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Habitat for Humanity built D.C.’s first “energy neutral” home

The Department of Energy's biannual "Solar Decathlon" is a bit of an exercise in fantasy: Teams of engineering and architecture compete to build state-of-the-art, energy-efficient homes that usually end up looking the part. And though they're supposedly designed with the consumer in mind, that doesn't always turn out to be the case. Two years back, the winning project was completely covered in solar panels and cost over $2 million to construct.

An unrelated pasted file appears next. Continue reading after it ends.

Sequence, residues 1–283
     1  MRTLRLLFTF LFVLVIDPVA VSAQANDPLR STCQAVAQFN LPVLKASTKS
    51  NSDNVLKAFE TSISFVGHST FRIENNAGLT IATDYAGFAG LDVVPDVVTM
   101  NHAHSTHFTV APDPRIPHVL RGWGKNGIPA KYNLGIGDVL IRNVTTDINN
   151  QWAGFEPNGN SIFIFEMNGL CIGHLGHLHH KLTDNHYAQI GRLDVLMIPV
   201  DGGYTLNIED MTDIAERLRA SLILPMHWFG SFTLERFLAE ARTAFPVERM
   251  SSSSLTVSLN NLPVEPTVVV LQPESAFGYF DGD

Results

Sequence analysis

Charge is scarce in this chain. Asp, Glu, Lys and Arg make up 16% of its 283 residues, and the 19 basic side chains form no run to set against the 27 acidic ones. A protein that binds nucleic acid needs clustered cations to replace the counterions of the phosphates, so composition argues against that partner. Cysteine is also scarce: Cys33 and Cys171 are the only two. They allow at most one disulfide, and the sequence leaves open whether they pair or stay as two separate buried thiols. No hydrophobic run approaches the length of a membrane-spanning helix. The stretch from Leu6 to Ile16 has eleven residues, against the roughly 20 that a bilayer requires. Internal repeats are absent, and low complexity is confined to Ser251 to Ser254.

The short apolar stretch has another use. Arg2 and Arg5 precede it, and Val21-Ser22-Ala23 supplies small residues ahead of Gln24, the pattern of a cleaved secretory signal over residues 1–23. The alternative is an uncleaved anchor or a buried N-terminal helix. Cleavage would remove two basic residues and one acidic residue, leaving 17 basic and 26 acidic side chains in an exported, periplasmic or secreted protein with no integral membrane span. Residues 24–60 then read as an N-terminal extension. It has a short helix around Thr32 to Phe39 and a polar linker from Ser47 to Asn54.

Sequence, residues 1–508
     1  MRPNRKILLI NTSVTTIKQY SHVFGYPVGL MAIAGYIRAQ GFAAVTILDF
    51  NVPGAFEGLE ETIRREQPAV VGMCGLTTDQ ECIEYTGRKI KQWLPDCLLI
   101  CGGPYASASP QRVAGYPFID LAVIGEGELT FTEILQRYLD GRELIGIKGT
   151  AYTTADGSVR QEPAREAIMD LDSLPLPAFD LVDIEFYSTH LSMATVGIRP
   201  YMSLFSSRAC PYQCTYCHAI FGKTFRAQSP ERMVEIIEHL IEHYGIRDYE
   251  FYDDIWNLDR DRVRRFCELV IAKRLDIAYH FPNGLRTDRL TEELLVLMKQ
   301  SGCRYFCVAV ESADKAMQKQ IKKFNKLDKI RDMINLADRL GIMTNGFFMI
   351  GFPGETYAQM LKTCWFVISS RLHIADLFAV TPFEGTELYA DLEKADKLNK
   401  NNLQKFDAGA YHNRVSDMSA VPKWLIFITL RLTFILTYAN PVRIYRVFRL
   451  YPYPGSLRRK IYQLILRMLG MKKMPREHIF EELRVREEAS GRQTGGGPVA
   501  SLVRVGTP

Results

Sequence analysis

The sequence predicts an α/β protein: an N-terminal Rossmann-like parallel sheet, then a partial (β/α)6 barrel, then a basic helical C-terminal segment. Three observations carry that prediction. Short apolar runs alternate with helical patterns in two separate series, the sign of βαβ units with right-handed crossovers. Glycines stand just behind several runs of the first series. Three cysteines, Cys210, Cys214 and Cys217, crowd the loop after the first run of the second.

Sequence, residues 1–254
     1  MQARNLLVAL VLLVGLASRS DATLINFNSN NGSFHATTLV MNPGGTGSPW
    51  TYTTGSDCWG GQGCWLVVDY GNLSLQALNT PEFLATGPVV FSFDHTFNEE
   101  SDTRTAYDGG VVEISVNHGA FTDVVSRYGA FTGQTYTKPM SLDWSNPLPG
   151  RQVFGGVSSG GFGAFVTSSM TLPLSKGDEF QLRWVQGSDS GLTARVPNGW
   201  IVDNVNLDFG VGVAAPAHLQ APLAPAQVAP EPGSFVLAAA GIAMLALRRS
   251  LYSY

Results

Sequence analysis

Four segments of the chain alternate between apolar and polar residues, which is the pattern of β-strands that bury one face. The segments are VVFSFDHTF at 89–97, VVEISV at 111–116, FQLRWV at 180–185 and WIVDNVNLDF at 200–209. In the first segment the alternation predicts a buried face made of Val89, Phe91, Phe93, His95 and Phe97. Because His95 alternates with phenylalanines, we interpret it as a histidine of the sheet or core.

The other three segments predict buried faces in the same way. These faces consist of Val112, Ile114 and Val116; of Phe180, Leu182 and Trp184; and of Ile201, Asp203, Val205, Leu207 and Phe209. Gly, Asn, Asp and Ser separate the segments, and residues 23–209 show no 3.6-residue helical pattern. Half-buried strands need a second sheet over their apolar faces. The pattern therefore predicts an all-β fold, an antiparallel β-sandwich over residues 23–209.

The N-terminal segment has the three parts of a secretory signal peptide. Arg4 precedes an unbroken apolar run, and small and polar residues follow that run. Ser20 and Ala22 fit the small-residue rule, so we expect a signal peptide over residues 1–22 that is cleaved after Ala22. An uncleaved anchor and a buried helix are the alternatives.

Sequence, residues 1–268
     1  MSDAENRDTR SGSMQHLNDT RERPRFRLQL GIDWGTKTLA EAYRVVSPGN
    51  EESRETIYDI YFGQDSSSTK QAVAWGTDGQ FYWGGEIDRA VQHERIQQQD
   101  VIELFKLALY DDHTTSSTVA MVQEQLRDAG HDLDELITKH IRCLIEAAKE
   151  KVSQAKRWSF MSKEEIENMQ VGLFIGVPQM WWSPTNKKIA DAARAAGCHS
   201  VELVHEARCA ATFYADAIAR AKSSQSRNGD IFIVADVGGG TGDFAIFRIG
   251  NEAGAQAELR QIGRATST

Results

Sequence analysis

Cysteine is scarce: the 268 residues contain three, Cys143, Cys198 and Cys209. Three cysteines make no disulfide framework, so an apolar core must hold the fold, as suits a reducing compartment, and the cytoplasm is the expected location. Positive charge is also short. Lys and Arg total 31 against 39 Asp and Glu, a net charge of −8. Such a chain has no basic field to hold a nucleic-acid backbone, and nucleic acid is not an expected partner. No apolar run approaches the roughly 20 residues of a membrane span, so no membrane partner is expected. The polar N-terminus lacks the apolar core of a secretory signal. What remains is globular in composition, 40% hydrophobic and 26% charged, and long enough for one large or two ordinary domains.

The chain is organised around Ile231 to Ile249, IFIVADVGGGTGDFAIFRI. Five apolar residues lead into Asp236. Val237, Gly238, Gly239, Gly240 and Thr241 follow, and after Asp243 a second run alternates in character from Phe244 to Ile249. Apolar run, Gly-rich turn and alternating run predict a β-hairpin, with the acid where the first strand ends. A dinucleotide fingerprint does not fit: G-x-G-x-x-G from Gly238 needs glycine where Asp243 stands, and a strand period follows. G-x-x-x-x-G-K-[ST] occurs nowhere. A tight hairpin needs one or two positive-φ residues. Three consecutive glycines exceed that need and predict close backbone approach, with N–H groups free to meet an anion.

But another entry in that year's contest, designed by students from Stevens Institute of Technology, Parsons the New School for Design and Milano School for International Affairs, Management and Urban Policy, now has an address in Washington, D.C. It has residents, too: Lakiya Culley, an administrative aid at the Department of State, and her three young sons. It was built in partnership with Habitat for Humanity; Think Progress explains that the organization will be able to use it as a prototype for future projects. It will certainly benefit its new tenant more than a typical house would:

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